Dr. Anthony B. Miller, Professor Emeritus, Dalla Lana School of Public Health, University of Toronto, discusses his extensive career in medicine, studying cancer.
Dr. Miller is the Director of the Canadian National Breast Screening Study as well as an independent research consultant. Dr. Miller’s research has covered many areas of his interests, such as the evaluation of screening for cancer, the epidemiology of breast cancer, non-communicable disease control, the environmental aspects of cancer etiology, control of
cancer, and more.
Dr. Miller talks about his extensive background in medicine, his tenure with the British Medical Research Council, and some of his work studying tuberculosis, then lung cancer. Through his research he came to the conclusion that treatment of diseases such as lung cancer was very inefficient, and thus the primary goal should be prevention of the disease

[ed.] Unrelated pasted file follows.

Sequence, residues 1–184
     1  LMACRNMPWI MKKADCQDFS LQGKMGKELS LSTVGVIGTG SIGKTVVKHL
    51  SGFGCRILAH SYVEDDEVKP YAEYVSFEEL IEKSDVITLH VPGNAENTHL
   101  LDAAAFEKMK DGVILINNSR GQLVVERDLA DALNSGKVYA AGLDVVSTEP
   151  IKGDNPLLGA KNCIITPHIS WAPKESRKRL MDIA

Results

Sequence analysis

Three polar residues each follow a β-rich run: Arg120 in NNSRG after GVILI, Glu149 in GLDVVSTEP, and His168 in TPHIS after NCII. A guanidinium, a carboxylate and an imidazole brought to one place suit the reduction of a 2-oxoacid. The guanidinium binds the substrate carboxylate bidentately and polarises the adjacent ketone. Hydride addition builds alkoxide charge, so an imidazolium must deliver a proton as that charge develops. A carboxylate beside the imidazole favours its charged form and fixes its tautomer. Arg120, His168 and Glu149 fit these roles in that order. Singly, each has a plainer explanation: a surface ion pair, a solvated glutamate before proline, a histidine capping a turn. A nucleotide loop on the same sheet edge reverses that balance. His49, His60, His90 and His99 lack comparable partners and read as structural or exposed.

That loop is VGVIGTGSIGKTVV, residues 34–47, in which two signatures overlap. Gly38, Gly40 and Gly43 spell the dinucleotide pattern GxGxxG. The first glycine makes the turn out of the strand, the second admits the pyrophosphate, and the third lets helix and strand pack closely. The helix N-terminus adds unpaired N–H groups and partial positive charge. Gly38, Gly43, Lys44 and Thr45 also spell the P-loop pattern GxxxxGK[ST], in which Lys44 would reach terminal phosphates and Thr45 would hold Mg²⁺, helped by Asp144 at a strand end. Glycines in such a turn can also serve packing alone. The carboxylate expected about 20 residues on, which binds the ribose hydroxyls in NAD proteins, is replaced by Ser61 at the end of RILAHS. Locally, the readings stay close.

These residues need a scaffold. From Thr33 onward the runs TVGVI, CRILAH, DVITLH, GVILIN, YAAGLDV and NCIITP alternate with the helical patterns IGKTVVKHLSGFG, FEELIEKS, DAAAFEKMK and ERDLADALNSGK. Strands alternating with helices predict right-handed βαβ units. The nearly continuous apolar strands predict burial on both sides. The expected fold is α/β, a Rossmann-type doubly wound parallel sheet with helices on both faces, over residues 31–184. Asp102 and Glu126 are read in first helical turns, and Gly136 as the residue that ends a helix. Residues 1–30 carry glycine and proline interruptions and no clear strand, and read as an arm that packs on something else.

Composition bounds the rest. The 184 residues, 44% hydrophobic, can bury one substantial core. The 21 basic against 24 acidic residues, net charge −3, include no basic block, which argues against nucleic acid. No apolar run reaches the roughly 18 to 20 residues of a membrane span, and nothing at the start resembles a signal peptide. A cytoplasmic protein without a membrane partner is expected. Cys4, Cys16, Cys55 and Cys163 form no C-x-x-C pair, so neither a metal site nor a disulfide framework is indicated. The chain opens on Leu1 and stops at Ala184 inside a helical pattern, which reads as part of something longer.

entirely. He talks about his pioneering work at the National Cancer Institute of Canada, as the director of the epidemiology unit, which he directed for fifteen years. He talks in detail about some of the research he was involved with, citing specific examples of research and testing with certain occupational groups who showed increased risk for certain cancers
due to the activities they performed regularly while working.
Dr. Miller talks about the various types of radiation that exist in our technological world. He talks about cell phone use, and radio frequency, and some of the international studies that have shown a link between usage and an increased risk of cancer. The research doctor talks about electromagnetic fields, and the potential risks, and some of the leading researchers in
Dr. Miller talks about nutrition and how it affects cancer.
He discusses some of the foods that may increase risks for certain cancers, such as increased risk for colon cancer from red meat consumption.
He explains that stomach cancer risk can be reduced by a diet that is high in vitamin C, and he outlines other foods and their relative good and bad potential, in
terms of health and disease.